W3C home > Mailing lists > Public > public-html@w3.org > January 2010

Re: sections removed, current and ongoing

From: Sam Ruby <rubys@intertwingly.net>
Date: Sat, 09 Jan 2010 08:45:43 -0500
Message-ID: <4B488887.3040401@intertwingly.net>
To: Lachlan Hunt <lachlan.hunt@lachy.id.au>
CC: Maciej Stachowiak <mjs@apple.com>, HTMLWG WG <public-html@w3.org>
Lachlan Hunt wrote:
> Maciej Stachowiak wrote:
>> In addition to the Issue process, another option when you disagree with
>> the outcome is to reopen a bug with new information for the editor.
>> That's happening in the case of <details>. So please comment in the bug
>> if you feel strongly. I suspect this one is going to the issue tracker
>> one way or another though.
> The problem here is that keeping track of all bugzilla discussions is 
> not as easy, and clearly not as transparent as having discussions here. 
>  I don't believe the single e-mail that gets sent here when a bug is 
> tagged with 'NE' is sufficient to gain attention.  (I usually ignore 
> those e-mails cause they usually contain no real information).
> I think a more appropriate solution needs to be found that balances the 
> transparency of the mailing list, with the useful organisation of bugzilla.
> Bugs for relatively minor or editoral issues that shouldn't be 
> controversial, can go straight in bugzilla without bothering everyone on 
> the list, and be dealt with quickly by the editors of whichever spec its 
> for.
> This is effectively the type of issue I thought bugzilla was set up for 
> dealing with in this group, so we could separate the trivial issues from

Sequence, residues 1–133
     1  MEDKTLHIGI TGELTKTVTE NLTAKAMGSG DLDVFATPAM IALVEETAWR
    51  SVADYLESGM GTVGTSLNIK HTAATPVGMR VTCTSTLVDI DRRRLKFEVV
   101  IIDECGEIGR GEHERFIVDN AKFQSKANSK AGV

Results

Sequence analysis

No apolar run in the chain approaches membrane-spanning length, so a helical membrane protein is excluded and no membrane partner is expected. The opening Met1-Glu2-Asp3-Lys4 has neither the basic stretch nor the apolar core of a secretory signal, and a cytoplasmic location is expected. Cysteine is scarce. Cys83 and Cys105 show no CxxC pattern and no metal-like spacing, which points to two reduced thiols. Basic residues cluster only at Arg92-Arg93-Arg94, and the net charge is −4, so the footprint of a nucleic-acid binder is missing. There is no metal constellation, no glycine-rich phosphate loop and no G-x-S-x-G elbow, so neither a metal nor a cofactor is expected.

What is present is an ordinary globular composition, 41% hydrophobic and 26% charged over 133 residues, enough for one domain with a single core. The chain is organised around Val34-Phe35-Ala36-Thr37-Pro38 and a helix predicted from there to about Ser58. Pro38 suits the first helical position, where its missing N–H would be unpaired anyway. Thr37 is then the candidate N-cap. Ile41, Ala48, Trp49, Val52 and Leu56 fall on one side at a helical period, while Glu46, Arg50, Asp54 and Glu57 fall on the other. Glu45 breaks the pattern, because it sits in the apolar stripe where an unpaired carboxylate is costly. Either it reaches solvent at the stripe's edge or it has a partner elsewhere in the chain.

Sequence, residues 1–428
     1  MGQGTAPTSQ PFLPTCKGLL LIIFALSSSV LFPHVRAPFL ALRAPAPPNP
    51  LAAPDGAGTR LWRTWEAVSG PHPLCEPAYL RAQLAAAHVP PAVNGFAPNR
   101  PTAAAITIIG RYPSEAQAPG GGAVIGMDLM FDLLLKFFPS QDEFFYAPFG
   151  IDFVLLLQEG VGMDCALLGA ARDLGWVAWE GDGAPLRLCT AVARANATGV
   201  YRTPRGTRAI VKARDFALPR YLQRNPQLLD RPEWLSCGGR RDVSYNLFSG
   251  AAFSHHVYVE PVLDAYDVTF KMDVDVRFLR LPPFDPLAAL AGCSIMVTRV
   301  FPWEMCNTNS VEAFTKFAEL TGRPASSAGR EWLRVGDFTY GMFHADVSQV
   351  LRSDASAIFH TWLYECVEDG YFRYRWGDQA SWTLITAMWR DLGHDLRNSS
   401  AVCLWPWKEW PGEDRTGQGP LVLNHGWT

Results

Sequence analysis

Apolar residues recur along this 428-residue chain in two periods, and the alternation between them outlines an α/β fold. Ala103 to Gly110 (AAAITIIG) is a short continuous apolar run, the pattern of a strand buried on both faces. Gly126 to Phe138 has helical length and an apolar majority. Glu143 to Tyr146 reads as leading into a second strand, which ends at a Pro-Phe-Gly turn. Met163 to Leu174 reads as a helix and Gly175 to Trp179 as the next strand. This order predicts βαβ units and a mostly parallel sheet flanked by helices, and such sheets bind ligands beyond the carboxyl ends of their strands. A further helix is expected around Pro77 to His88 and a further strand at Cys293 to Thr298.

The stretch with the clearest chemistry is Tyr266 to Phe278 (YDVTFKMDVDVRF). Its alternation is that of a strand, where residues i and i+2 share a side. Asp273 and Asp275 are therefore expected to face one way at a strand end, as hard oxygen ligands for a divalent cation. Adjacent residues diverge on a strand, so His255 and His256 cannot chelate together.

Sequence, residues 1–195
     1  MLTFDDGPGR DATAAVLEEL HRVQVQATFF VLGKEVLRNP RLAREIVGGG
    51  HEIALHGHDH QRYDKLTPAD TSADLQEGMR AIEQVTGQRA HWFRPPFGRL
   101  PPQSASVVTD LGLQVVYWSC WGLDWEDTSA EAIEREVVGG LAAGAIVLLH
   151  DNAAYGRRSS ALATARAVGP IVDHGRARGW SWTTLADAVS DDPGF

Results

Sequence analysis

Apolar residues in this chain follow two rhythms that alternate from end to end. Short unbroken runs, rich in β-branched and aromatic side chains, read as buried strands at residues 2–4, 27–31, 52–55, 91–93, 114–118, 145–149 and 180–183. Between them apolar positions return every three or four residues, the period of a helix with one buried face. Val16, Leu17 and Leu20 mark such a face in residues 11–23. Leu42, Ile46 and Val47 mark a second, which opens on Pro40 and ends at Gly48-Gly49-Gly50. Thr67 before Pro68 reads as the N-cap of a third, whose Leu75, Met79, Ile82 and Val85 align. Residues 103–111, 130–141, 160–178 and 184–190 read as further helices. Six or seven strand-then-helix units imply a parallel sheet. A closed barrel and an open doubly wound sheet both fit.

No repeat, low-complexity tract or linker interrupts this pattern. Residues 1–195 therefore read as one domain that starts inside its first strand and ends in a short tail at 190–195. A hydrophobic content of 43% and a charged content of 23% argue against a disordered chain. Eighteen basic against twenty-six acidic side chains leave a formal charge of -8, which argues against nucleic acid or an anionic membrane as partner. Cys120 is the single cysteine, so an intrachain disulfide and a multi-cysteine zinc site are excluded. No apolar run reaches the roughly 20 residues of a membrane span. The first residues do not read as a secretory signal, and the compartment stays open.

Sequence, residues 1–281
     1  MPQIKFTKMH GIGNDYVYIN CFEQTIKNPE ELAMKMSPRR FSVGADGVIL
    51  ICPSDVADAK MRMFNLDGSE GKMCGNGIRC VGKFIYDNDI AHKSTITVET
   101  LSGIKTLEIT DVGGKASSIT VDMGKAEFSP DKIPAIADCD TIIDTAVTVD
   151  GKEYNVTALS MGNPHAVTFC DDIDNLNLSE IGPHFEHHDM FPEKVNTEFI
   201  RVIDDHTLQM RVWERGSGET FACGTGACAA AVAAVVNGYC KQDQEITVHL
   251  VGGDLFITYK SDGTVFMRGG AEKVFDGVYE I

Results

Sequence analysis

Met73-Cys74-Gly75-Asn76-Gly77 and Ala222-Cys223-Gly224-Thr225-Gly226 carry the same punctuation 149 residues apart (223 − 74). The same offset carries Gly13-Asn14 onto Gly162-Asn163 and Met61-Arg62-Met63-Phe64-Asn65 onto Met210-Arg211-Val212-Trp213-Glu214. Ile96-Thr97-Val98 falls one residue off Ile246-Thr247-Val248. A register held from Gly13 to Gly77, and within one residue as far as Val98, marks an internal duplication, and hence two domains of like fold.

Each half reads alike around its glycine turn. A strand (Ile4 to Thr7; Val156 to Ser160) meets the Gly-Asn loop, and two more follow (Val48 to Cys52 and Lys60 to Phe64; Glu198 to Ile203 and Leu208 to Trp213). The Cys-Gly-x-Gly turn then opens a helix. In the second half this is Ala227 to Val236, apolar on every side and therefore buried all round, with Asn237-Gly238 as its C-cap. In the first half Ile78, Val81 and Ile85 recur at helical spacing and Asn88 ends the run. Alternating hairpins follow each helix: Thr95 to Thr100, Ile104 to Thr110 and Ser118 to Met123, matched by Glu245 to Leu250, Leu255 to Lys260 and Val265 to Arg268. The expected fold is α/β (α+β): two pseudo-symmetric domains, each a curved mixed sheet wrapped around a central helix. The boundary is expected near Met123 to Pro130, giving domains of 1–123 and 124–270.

> the more significant ones being discussed here.  But somehow, bugzilla 
> seems to have morphed into catch-all system for all issues, big and small.
> Major issues, such as those requesting the removal of sections, should 
> start their discussions here on the list, which will allow us to get a 
> better understanding of how the rest of the group feels about the issue. 
>  (People should be able to use reasonable judgement and common sense to 
> determine whether their issue is major or minor, but if in doubt, 
> mailing this list first shouldn't hurt.)

Can you cite a major bug that wasn't discussed first on the list?

> A bug should be opened in bugzilla either at the same time as the 
> discussion starts, or at least once its clear it's a major issue with 
> significant discussion and no clear resolution.
> Bugzilla can then be used for documenting the significant arguments 
> for/against that have been raised, citing/quoting relevant e-mails. 
> Significant discussion of the issue should still take place on the list, 
> with buzilla being used to record the major arguments.
> If the discussion gets heated, perhaps the interested parties could be 
> asked to continue their discussion only within bugzilla and come back to 
> the rest of the group later when they have something to report.  This 
> allows people to opt-in or out of a particular discussion freely by 
> CC'ing themselves on the bug, and serve to reduce the traffic on this 
> list, keeping the discussion somewhat isolated from those who may not be 
> particularly interested in following every little bit of it.
> This will allow the editors to review the issue with all the arguments 
> presented concisely, and allow an initial decision.  The editor should 
> then respond to this list giving a detailed rationale for agreeing or 
> disagreeing with the request, and record the decision in the bug 
> tracker.  Following that, the existing decision policy process can 
> continue to be followed to escalate the issue if necessary.

- Sam Ruby
Received on Saturday, 9 January 2010 13:46:18 UTC

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